By YVONNE HAIP
Teachers in Western Highlands are planning to go on strike to get rid of the outcome based education (OBE) system.
The teachers have given a 20-days notice to Education authorities and Minister James Marape to publicly debate the system, which has drawn widespread criticism in recent times.
The 20-day notice expired last Friday with no response.
The teachers, through their organisation Teachers Rights Movement group, signed a petition and held a public rally in Mt Hagen last month, challenging Marape to a public debate.
The teachers argue that OBE was not in the best interest of teachers and students.
They said as implementers of the system, they were concerned about the students and were willing to engage in a public debate with authorities so that solutions could be discussed.
They now plan to hold a sit in protest or would not return to classes until education authorities meet with them.
The teachers said they had deferred their strike to next week due to the Grade 8 examinations being conducted this week.
Teachers from the elementary, primary, high, secondary, and technical schools have all shown interest in the public debate.
Spokesperson, Nius Rom, who teaches Grades 11 and 12 history at Mt Hagen Park Secondary School, said the public forum would discuss factors brought on by OBE.
He said these included class size where teachers taught more than 30 students in a class, lack of student material, failure in the education delivery system, teachers work conditions, and the purpose of the teachers union.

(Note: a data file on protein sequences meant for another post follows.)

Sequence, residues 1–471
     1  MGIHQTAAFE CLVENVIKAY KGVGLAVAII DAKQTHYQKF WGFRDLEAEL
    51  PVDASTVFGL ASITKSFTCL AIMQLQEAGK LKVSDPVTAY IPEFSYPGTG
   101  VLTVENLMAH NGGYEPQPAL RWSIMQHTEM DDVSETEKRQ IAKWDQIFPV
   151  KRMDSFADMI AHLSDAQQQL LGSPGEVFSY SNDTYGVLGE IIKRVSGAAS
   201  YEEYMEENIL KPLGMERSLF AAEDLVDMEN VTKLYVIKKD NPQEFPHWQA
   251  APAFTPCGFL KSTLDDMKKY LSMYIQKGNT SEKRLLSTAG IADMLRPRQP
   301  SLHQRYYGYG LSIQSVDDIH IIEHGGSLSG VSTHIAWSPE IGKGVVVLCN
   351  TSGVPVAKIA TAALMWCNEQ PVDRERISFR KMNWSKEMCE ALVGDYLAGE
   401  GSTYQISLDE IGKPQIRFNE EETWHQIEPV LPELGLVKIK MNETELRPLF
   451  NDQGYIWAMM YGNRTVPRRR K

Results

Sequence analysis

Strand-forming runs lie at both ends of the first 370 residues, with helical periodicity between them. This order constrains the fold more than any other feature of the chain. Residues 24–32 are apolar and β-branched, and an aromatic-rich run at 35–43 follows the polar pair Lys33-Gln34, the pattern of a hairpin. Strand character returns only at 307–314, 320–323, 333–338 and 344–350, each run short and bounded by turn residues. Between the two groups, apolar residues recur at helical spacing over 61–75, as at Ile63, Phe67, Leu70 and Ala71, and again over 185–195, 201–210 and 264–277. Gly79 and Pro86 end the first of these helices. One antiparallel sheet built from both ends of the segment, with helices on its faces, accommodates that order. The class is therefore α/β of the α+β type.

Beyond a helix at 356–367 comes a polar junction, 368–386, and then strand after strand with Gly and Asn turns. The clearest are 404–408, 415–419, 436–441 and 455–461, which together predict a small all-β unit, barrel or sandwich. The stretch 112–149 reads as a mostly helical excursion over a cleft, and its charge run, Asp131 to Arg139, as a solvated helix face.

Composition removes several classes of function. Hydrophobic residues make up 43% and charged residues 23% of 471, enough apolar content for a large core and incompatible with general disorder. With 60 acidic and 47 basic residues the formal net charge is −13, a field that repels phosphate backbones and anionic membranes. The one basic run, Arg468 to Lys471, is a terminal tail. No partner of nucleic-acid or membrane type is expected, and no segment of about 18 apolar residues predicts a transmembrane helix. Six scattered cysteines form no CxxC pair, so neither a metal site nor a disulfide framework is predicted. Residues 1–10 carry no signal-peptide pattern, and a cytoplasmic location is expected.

He said teachers would be “exercising their freedom of expression to professionally call for changes for the betterment of the future generation”.
He said the teachers would take a firm stand on the matter and were willing to “put their jobs on the line” as it was for a worthy cause.
“We are now on the crossroads, that is whether to make changes and improve the failing education system or ignore these calls,” Rom said.
“We cannot pretend that nothing is wrong and start to jump up and down later after the whole education system has collapsed,” he added.
Rom also said that from the classroom perspective, the reform system which began in 1995, had failed to achieve its intended purpose of quality relevant education over the past 15 years and would continue if not addressed.
The teachers said they had carried out their research and would produce facts and figures during the debate.